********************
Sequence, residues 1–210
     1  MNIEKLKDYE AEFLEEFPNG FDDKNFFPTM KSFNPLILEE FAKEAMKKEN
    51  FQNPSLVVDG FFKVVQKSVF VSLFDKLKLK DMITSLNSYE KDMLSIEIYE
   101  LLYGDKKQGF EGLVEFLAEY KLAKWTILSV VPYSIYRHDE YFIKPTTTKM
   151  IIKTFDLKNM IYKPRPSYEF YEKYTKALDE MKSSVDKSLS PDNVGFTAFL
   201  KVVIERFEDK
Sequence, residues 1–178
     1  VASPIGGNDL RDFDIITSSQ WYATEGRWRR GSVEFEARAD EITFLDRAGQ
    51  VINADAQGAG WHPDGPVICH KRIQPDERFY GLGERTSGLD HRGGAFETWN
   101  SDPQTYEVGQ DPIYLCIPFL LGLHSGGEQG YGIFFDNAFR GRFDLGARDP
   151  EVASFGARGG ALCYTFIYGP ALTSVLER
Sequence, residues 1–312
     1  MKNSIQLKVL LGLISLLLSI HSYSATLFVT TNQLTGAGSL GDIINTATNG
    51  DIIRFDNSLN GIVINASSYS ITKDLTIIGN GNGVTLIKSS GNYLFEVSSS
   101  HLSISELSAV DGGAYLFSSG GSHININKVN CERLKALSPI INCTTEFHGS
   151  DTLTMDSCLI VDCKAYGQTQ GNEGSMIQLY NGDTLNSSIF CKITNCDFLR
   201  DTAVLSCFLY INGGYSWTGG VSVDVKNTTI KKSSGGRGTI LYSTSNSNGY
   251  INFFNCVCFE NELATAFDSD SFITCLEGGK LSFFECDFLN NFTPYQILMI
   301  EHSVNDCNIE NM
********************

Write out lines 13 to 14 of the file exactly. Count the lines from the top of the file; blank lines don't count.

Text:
     1  MKNSIQLKVL LGLISLLLSI HSYSATLFVT TNQLTGAGSL GDIINTATNG
    51  DIIRFDNSLN GIVINASSYS ITKDLTIIGN GNGVTLIKSS GNYLFEVSSS